Graphic: Digital Juice
In the wake of all the insanity this week in Boston, it brings up a longstanding question in the trade show world — how safe are most expos and events?
It’s a given that anytime you assemble large crowds, there are opportunities for bad people to make their way into the mix. But it amazes me that after all the incidents that have happened over the past decade since 9/11, trade shows still remain one of the least-secure, least-controlled types of events.
Here’s a reprint of an article I wrote in 2006 on this topic, and interestingly things haven’t changed all that much at most shows since then.
With all the terror threats, there’s no doubt that security procedures in airports over recent years have changed. But what about convention centers?
A 2004 study conducted by Meetings & Conventions magazine showed that only 17% of trade shows had examined attendees’ bags, 6% had required picture IDs, and none had used metal detectors or wands to inspect either people or bags. And even though I’ve attended more shows than I could count over the past five years, I can’t remember any added measures of security, other than occasional picture IDs. In fact, the only location that I can remember where my bag was ever searched (outside of D.C.) was at the Mall of America right after 9/11. Okay … so are we more concerned about our shopping malls than our conventions?
While I agree with most business travelers that air travel now can be quite a pain, I do feel a fair degree of safety when I’m in the air. But perhaps because I was at a large show this year on 9/11, the lack of security made me stop and think. If I were a bad person, all I would need to do was fill out an online registration, pay my one-day-only fees, and then appear at the pre-registered check-in desk to pick up my badge. I could be carrying anything in a big tote bag and no one would think anything of it.
Now I don’t want to cause widespread panic with these thoughts, but perhaps it is time for meeting planners and show organizers to investigate some basic security measures. And perhaps the easiest way to make a change is to get tougher on exactly who is entitled to a badge. Run the list of pre-registered attendees through an FBI watch-list search; require attendees to show ID when picking up their badge; and once they have their badges, conduct random bag searches. No, we won’t like it, but perhaps it will keep trade shows from becoming the next front line for terrorists.
On a more positive note, the response to the Boston Marathon tragedy was stellar on all sides. Law enforcement and paramedics rushed in to tend to the wounded, hotels took extra precautions to protect their guests, and citizens came to the rescue of stranded runners and families. USA Today published an article on how hotels managed security of their guests in the wake of the event. PCMA also has an article detailing some of the actions taken by various venues, including the John B. Hynes Veterans Memorial Convention Center, which evacuated everyone setting up on Monday for the Ambulatory Surgery Center Association’s Annual Meeting. The show opened on schedule Wednesday, but with several new security policies, including:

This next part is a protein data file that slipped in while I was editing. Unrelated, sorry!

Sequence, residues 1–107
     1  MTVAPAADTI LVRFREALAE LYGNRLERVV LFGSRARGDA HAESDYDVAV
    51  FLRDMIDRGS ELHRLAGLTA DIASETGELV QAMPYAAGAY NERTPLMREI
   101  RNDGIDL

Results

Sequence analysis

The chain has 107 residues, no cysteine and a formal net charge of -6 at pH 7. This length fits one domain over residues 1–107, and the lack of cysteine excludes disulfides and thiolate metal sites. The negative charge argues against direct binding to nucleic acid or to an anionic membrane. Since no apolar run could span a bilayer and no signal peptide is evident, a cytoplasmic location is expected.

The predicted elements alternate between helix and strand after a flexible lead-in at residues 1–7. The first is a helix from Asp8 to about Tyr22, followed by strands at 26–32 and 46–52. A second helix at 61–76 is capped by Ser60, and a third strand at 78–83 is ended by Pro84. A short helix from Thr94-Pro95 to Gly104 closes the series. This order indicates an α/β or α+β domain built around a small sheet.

- Access to Hynes will be limited to the Prudential Center entrance.
- All MCCA facilities were examined by K-9 units Monday night and will be examined again at greater, albeit unannounced, frequency for the near future.
- The photo IDs of everybody entering either Hynes or Boston Convention & Exposition Center (BCEC) will be inspected.
- All visitors to Hynes will be subject to bag searches.
- Vehicles entering the loading docks at either Hynes or BCEC will be subject to search.
To read a more in-depth statement of how the MCCA is handling security issues, check out this article on TSNN. The Experimental Biology 2013 Annual Meeting is set to open as scheduled on Saturday, April 20, at the BCEC.
So how do you think conventions and trade shows should be implementing security measures? Please post your comments below.
UPDATE: The MCCA just published this statement:
“At this time, in compliance with the “shelter in place” order for the City of Boston, we have suspended operations at the Boston Convention & Exhibition Center and the John B. Hynes Veterans Memorial Convention Center.
Activities already underway prior to the Governor’s order will be allowed to continue, including move-in activities at the BCEC for the Experimental Biology 2013 Annual Meeting as well as sessions in progress for the Ambulatory Surgery Center Association’s (ASCA) Annual Meeting at the Hynes.
Click to read the full statement on ExpoWeb.com.
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With experiences as both an exhibitor and a show organizer, Marlys Arnold has a unique perspective on trade show exhibiting. As an exhibit marketing strategist, she travels the country consulting and training on how to create experiential exhibits that produce significantly higher numbers of qualified leads. She’s led workshops for events ranging from local consumer expos to some of the largest trade shows in the U.S. She hosts the Trade Show Insights
blog/podcast, and is the author of Build a Better Trade Show Image
, the Exhibitor Education Manifesto
, and the ExhibitorEd Success System
. Exhibit Design That Works
(the first book in the YES: Your Exhibit Success
series) debuted in July 2017. She’s also the founder of the Exhibit Marketers Café
, an online education community.